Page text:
Six scenarists received credit for this pastiche of a western. Who wrote what remains a mystery, but they dredged up a story so lame-brained that it resembles skits from a second-rate "Saturday Night Live" episode cross-bred with an antiquated Cold War thriller. President Ulysses S. Grant (Kevin Kline in such bad make-up that he passes for a bearded Charles Grodin) orders West and Gordon to learn who is kidnapping the greatest scientific minds of the century. West prefers to work alone, and Artemus feels similarly about him. Another problem with "Wild Wild West" is that it acts more like a prequel. Our heroes start out hating each other. West is an Army Captain on the trail of ex-Rebel General 'Blood Bath' McGrath (Ted Levine of "Heat") while Gordon is a U.S. Marshal on the same trail. Essentially, West is a shoot-first & ask-questions later kind of hombre, while Gordon is the inventive alternative. He relies on his quirky gimmicks and falls back on gunplay as a last resort. They spend most of the movie competing with each other instead of working together, and this rivalry must have crept into their performances. Smith and Kline kindle little of the chemistry and charisma that made Conrad and Martin so memorable. At the end of the movie, President Grant makes them his first two Secret Service agents. Director Barry Sonnenfeld brings a wry sense of humor to "Wild Wild West." While Sonnenfeld's askew brand of comedy complimented "The Addams Family," "Addams Family Values," "Get Shorty," and "Men in Black," the humor wears thin in this western. Casting Kenneth Branagh as a legless villain must have seemed comical on paper, but the special effects buffoonery grows as tiresome and tedious as gibes about handicapped people and blacks. Occasionally, a scene or two nearly works, such as projecting the last image on the retina of a dead scientist. Will Smith's James West sabotages the scene by repeating ad nauseam: "That is a man's head," as if anything remotely human mattered in this ersatz opus. Furthermore, Sonnenfeld wrangles everything from previous summer epics. The Lego-style, 80 foot, mechanical tarantula that storms through Utah's Monument Valley looks as clunky as this movie sounds.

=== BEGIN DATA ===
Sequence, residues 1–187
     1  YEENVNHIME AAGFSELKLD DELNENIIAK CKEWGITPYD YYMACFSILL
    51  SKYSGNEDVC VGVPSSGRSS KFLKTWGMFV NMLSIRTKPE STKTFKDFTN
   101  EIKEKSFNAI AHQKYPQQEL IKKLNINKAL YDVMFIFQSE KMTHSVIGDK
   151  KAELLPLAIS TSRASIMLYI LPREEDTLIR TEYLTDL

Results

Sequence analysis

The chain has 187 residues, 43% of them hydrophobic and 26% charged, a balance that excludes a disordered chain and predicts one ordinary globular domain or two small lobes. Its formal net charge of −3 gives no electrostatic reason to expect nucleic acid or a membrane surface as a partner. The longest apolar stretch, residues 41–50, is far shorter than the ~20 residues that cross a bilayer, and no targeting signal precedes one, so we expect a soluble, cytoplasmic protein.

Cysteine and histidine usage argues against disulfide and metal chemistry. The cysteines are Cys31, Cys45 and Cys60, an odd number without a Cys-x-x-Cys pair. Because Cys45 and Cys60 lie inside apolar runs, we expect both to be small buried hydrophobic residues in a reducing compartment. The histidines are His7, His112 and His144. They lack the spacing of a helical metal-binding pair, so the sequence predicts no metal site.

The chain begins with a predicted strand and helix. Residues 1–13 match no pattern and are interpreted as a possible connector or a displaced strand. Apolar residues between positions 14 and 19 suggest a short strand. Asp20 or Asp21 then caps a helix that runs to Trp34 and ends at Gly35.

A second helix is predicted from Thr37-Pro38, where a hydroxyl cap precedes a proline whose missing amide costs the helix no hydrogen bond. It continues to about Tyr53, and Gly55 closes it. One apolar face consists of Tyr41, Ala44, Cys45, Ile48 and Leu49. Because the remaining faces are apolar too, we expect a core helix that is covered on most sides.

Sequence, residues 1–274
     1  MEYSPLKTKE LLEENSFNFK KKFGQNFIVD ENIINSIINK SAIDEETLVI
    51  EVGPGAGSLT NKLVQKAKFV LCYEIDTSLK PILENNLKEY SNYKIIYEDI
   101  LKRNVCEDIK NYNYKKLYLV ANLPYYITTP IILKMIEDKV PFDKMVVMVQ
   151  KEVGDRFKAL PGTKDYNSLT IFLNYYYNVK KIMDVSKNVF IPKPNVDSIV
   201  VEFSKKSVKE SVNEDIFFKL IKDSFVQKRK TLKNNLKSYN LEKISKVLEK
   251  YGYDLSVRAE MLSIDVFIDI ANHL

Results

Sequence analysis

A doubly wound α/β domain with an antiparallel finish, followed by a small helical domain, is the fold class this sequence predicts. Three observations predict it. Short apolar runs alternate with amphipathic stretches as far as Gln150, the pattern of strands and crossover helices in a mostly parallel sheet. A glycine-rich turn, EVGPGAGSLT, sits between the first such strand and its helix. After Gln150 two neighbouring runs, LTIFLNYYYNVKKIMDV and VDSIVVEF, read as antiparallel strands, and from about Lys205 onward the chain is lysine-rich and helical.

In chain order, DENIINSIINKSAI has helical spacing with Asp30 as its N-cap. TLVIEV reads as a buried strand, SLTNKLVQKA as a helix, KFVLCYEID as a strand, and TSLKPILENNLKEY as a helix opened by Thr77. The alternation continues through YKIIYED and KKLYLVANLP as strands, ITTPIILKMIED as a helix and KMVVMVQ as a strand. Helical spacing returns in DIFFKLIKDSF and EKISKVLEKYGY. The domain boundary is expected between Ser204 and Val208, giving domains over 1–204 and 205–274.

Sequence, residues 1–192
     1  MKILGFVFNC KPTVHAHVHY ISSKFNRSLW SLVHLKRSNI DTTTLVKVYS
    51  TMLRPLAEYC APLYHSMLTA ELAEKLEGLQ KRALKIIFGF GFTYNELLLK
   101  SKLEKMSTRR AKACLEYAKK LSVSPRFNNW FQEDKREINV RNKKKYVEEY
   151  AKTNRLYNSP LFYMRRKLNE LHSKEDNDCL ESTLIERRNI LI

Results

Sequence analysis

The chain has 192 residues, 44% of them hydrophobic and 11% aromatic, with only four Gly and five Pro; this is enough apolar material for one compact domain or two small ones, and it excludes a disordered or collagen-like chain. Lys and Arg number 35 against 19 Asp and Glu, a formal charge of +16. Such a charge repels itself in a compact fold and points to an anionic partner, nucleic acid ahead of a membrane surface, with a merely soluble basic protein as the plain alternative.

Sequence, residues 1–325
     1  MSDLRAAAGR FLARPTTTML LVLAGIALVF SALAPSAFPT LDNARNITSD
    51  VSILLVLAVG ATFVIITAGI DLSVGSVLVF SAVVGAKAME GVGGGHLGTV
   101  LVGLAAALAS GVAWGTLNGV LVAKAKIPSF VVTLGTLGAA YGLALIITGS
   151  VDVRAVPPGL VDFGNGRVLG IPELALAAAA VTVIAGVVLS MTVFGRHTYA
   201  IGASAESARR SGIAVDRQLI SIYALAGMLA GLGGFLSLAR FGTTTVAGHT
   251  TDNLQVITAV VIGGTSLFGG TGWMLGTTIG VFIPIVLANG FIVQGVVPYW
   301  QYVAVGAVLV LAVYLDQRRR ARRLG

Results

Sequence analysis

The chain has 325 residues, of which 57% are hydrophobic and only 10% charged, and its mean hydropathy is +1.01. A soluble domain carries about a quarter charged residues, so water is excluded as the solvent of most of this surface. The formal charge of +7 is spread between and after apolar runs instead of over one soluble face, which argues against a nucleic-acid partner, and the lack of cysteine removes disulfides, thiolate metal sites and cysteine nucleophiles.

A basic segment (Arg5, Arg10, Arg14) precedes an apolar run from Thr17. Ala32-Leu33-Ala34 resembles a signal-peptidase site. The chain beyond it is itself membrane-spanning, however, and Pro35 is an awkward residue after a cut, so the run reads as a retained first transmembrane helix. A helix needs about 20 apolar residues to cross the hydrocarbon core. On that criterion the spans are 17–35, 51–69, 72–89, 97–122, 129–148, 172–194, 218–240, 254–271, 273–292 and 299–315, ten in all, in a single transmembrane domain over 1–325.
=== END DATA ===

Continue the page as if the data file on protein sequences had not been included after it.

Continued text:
Scenarists S.S. Wilson, Brent Maddock, Jeffrey Price, Peter Seaman, and Jim & James Thomas break the cardinal rule of all action flicks. Neither James West nor Artemus Gordon is ever in jeopardy. Sonnenfeld and his joke happy writers erect hoops for our heroes to leap through but they never set fire to those hoops. In other words, the filmmakers make it far too easy for our heroes. The magnetic collar scene is probably the worst offender. Rivaling it is James West's escape from a lynch party, and the final assault on the giant tarantula will have you yawning. West dispatches several henchmen with the aplomb of 007, right down to knocking a blade-wielding villain overboard so he can quip, "No more Mr. Knife Guy." At least, in the TV show, Robert Conrad makes the brawls look believable; Conrad foreshadowed Jackie Chan in that the former performed all his own stunts, sometimes at his own peril.

"Wild Wild West" struggles so desperately to be funny that it degenerates into a travesty. The film dabbles in sexual innuendoes that seem extreme for its PG-13 rating. Parents should think twice before exposing their children to these questionable shenanigans. Overblown special effects, sketchy characters, zero chemistry between the leads, gratuitous humor, and unsavory violence ride roughshod over anything remotely memorable in this train wreck of a movie. Summing it up, "Wild Wild West" is no cinch.